As a parent, you want to make the right choices for your child to best protect them.
But vaccination is not just a personal choice. Your decision affects the health of all children in your community, including your own. The vaccinated community helps to protect those who are not vaccinated, a concept known as “herd immunity” or “community immunity.” When 90–95 percent of a community is protected, it is nearly impossible for a vaccine-preventable disease to spread.
Source: GIF created by Edmund Helmer, Data Scientistbased on research from Epidemiologic Reviewscited by PBS
Think of germs as rain, and hand washing as a raincoat.
Vaccination is an umbrella. If you put on a raincoat, you’re protecting just yourself. But if you use an umbrella, you can protect both yourself and those around you. The umbrella is “community immunity.” Those who don’t vaccinate rely on others to share their umbrella when it rains. But we need our communities to invest in umbrellas together. Newborns rely on their parents and on their caregivers to offer protection by sharing their umbrellas.
There are two critical points for vaccination to create community immunity:
When a person is vaccinated, they prevent disease from spreading to others in the community, including:
For most vaccine-preventable diseases, when less than 90 percent of children are vaccinated in a particular community, these pockets of low vaccination create an environment where diseases can take hold and spread.
Parents may share false information they find online, or talk to a friend who has decided not to vaccinate their child. This misinformation can spread throughout a community and put community immunity in jeopardy. According to Michigan Care Improvement Registry (MCIR) data from June 2019, only 59.1 percent of Michigan toddlers are up to date on all of their recommended vaccinations.
The percent of Michigan children ages 19 through 35 months who are protected against the following diseases are shown below.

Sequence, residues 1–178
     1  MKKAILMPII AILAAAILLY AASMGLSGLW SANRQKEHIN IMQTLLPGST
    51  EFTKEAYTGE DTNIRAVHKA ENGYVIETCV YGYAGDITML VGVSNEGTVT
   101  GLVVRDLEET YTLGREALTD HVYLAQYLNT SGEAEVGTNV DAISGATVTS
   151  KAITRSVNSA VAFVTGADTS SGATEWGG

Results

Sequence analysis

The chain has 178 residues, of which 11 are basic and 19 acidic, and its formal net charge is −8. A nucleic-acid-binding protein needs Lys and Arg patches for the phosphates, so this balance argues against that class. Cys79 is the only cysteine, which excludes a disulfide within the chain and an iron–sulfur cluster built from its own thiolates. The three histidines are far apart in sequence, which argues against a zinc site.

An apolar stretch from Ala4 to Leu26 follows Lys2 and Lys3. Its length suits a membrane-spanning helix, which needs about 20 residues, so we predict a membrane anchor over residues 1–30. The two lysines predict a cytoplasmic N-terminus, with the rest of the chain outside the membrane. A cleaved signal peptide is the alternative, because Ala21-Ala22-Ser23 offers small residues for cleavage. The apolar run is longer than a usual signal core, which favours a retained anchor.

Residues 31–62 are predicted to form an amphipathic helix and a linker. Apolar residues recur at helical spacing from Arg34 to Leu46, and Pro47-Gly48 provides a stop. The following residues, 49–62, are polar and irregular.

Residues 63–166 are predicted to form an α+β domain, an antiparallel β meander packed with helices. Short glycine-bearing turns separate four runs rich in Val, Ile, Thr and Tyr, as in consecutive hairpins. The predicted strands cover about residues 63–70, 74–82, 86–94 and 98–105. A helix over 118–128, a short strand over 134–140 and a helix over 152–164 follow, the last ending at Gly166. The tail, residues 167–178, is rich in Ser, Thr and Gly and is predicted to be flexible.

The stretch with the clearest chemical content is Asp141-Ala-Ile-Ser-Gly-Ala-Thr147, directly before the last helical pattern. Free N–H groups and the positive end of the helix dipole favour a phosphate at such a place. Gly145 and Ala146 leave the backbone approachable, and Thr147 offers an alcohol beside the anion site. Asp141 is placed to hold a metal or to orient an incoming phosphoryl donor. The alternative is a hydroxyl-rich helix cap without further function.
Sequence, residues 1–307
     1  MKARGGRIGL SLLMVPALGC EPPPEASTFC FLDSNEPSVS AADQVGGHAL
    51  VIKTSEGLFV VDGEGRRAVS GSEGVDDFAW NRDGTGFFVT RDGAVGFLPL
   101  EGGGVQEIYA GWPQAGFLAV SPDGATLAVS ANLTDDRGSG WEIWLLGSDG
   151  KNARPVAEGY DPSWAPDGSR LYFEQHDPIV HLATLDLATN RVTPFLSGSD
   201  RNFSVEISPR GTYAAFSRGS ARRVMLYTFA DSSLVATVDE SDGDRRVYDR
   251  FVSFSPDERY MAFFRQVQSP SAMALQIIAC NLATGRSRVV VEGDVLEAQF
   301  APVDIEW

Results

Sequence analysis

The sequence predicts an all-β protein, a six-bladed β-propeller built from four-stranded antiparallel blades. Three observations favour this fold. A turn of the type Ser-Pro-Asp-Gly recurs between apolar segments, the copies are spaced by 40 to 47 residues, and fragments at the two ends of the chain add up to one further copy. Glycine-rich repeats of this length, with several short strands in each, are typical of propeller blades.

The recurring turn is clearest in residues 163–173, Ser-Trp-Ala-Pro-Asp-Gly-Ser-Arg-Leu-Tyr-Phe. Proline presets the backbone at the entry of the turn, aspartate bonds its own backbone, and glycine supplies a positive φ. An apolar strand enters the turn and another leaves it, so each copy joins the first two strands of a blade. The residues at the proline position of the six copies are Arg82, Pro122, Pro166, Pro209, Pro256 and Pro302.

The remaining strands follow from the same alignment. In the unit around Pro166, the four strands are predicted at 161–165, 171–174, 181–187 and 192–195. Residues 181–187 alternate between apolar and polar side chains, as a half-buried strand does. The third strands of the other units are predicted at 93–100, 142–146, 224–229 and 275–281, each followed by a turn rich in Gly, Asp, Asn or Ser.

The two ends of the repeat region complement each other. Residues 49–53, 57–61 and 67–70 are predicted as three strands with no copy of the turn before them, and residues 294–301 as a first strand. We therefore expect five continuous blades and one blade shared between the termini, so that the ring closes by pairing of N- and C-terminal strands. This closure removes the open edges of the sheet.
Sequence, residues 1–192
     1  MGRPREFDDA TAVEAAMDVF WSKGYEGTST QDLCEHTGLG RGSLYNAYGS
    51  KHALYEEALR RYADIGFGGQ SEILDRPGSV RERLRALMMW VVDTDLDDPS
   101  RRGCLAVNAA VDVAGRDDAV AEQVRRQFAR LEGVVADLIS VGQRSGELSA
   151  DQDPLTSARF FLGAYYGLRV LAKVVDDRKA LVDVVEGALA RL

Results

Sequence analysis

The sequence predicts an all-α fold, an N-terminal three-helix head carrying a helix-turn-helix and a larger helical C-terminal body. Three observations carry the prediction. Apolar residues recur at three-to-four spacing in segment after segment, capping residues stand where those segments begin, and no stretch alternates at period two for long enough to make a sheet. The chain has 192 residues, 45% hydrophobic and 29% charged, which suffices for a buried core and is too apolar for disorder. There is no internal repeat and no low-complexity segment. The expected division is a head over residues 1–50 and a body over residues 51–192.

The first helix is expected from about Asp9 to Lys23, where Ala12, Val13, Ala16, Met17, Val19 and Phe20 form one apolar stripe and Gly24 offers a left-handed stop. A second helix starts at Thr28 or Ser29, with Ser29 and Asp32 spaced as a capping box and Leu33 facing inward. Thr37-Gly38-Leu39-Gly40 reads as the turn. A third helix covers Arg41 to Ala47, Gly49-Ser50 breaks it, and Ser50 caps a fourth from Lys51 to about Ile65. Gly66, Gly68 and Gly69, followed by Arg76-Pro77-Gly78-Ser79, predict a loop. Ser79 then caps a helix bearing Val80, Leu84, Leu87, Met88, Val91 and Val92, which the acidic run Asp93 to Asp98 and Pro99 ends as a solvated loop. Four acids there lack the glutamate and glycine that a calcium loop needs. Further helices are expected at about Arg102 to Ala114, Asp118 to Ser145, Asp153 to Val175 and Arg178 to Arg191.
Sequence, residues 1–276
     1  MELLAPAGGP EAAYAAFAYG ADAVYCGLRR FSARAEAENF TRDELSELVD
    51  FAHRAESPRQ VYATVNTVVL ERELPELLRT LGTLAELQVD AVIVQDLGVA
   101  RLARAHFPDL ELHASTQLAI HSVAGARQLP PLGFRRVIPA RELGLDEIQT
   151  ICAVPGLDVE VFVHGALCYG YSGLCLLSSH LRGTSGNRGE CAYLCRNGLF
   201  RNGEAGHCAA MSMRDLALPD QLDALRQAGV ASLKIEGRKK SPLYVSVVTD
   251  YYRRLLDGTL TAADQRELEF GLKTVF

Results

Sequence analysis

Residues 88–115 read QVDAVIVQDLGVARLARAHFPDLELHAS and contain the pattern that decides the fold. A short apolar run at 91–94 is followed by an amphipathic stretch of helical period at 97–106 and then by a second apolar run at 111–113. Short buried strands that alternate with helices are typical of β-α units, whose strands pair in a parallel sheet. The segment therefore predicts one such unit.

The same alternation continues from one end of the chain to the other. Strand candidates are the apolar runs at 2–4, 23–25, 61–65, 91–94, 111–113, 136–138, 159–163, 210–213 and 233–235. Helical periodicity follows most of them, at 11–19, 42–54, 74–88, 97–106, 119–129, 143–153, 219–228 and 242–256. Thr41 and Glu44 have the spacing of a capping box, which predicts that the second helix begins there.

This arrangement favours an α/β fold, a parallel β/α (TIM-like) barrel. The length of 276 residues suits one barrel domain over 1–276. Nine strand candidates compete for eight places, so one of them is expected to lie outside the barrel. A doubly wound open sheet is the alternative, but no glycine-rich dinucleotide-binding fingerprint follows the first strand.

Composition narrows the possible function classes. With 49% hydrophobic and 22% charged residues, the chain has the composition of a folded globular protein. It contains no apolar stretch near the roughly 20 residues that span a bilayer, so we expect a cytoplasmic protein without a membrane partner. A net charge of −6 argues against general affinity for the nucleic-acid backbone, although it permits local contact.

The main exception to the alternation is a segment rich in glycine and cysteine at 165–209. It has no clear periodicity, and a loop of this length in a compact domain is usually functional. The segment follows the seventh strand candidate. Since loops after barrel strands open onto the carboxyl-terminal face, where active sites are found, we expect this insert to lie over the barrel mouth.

|BIRTH DOSE HEPATITIS B: 80.3%|
|COMBINED 7-VACCINE SERIES (4 DTAP, 3 POLIO, 1 MMR, 3 HIB, 3 HEPB, 1 VARICELLA, 4 PCV): 74.6%|
|COMBINED 8-VACCINE SERIES (4 DTAP, 3 POLIO, 1 MMR, 3 HIB, 3 HEPB, 1 VARICELLA, 4 PCV, 2 HEPA): 59.1%|
|2+ HEP A: 60.9%|
|4+ DTAP: 77.3%|
|COMPLETE FOR PCV: 83.3%|
UP-TO-DATE ROTAVIRUS (8-24 MONTHS): 70.6%
|DTaP||Diphtheria, Tetanus, Pertussis (Whooping Cough|
|Hep A||Hepatitis A|
|Hepatitis A||Hepatitis B|
|Hib||Haemophilus influenzae type b|
|IPV||Inactivated Poliovirus Vaccine|
|MMR||Measles, Mumps, Rubella|
|PCV||Pneumococcal Conjugate Vaccine|
Efforts have been made to improve vaccination coverage and as a result, more people are getting vaccinated. To continue to protect as many people as possible, more can still be done to achieve community immunity across our state.
Only 59.1 percent of Michigan toddlers aged 19 through 35 months are up to date on their vaccinations, according to data from MCIR from June 2019.
In Michigan, 69.9 percent of 5-month-old children were up to date for the recommended vaccines, but this number drops to 57.7 percent for 7-month-old children, according to MCIR data from August 2019
During the 2017-18 school year, Michigan had the 8th highest non-medical exemption rate for kindergartners of the 45 states reporting in the nation, with 4.0% percent of parents simply choosing not to immunize their children.
In 2018, Michigan had 28 counties with a vaccine waiver rate of 5 percent or more among kindergartners.
Only 40.5 percent of Michigan teens aged 13 to 17 years are up to date on their vaccinations, according to data from MCIR from June 2019.
As a result, vaccination rates for Michigan children ages 19 to 36 months have fallen below 70% in more than half of the state (42 of 83 Michigan counties), according to February 2021 data from the Michigan Care Improvement Registry (MCIR). In six Michigan counties and the City of Detroit, the rate has dropped below 60%. In Michigan, parents with school-age children have the option to sign a vaccination waiver for philosophical or religious reasons.
Parents who want a waiver for their child must attend an information session at their local health department. Areas with more vaccination waivers mean fewer children in the community are vaccinated and the community may not be protected by community immunity.